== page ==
Senator Joe Manchin (D–WV) recently called out President Joe Biden in an op–ed, claiming that his reckless spending policies are a “fiscal betrayal” and are leading to an ever–growing national debt. But Manchin’s criticism of the Biden administration is too little too late.
Manchin’s op–ed, written for the Wall Street Journal and headlined “Biden’s Inflation Reduction Act Betrayal,” lambasted the Biden administration for their “ideological agenda” and for ignoring the “clear and present danger” of the nation’s debt. Manchin complained that he and Biden had initially agreed that the Inflation Reduction Act (IRA) was designed to pay down the national debt, but now, according to Manchin, “unelected ideologues, bureaucrats, and appointees seem determined to violate and subvert the law to advance a partisan agenda that ignores both energy and fiscal security.”
MRC Business and conservative voices have been warning of the dangers of Biden’s out–of–control spending policies for months, including how the $739 billion IRA can lead to inflation and higher electricity and car prices. In response to Manchin’s op–ed, MRC Business Vice President Dan Schneider called out Manchin for ignoring months–old warnings about the IRA and for greenlighting the bill in the first place.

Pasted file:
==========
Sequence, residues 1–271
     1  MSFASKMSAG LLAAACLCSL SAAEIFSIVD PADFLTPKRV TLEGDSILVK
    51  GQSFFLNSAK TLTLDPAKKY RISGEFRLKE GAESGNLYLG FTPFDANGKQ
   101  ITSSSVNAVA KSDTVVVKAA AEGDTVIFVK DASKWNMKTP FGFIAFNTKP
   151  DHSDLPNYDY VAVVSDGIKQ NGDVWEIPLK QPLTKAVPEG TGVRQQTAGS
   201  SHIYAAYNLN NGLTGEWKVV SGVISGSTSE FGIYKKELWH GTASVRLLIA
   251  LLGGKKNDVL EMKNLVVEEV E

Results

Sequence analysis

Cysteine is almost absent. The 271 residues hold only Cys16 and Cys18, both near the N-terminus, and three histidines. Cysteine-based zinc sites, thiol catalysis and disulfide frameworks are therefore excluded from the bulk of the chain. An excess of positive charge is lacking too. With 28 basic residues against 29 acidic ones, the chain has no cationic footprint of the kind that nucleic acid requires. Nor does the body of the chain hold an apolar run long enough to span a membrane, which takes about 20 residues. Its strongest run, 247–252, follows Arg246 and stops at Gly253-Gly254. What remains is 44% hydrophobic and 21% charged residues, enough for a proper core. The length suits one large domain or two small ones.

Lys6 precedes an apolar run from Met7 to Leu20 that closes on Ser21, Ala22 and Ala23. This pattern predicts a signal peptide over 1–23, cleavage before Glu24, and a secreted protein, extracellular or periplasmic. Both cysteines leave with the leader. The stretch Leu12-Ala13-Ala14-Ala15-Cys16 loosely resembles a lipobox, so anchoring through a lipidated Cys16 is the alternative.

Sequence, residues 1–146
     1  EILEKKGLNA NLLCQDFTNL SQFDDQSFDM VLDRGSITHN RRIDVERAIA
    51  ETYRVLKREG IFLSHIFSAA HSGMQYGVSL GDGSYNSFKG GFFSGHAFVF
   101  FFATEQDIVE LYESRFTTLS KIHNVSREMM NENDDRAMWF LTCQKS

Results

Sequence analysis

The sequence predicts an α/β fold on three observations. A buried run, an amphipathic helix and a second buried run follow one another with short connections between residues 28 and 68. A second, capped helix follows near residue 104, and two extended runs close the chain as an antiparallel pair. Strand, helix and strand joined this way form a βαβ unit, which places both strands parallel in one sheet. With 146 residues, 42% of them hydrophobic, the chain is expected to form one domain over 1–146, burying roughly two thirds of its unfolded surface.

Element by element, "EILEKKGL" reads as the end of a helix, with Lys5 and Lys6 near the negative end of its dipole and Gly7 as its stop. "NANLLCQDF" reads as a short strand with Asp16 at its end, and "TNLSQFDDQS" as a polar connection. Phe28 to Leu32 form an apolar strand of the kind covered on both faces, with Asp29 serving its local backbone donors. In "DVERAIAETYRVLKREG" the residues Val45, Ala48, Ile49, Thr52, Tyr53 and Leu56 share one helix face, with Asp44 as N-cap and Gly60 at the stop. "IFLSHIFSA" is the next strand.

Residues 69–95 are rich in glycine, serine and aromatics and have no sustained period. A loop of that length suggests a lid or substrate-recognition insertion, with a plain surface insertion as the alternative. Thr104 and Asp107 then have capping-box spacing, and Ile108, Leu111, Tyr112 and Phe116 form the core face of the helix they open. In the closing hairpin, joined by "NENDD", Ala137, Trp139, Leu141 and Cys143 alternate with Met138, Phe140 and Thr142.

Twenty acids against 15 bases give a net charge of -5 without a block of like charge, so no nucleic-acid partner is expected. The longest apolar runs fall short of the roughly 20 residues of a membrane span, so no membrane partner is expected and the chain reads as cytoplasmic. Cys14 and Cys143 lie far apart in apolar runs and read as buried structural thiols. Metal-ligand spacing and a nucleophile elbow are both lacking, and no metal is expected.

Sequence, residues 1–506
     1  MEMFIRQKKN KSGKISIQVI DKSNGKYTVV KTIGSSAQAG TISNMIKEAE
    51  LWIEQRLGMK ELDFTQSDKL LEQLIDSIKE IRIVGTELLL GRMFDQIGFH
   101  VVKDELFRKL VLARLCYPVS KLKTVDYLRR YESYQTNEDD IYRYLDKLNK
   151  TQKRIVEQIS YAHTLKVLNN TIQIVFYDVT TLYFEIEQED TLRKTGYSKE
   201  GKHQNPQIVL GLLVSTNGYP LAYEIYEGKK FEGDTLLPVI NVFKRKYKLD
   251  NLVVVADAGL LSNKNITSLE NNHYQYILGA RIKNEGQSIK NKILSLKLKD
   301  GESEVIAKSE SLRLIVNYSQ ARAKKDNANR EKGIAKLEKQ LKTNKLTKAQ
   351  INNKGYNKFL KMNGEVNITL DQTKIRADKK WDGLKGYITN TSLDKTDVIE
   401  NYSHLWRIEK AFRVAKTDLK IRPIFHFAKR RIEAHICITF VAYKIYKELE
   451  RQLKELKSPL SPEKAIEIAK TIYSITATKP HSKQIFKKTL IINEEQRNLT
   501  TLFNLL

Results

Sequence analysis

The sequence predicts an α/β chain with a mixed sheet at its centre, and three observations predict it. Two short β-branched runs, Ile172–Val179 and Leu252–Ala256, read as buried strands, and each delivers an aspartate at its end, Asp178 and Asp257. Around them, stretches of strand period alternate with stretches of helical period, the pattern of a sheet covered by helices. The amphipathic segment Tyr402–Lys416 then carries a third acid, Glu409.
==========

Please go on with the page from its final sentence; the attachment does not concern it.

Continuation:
Heritage Foundation economist Diana Furchtgott–Roth echoed Schneider’s sentiments, adding that the IRA was “never about reducing inflation,” but rather “about increasing spending on renewables and electric vehicles,” which in turn “increases the deficit and raises Americans’ electricity and car prices.”
Manchin argued in his op–ed that President Biden is the only one who “can rein in this extremism,” and his op–ed was likely a last–minute effort to distance himself from Biden’s policies. But it’s too little too late. Biden’s reckless spending policies are already in motion.
Senator Joe Manchin admits Democrats are afraid to talk about reining in spending and responsible budgeting because of politics pic.twitter.com/vJx9pfOq3R
— RNC Research (@RNCResearch) April 3, 2023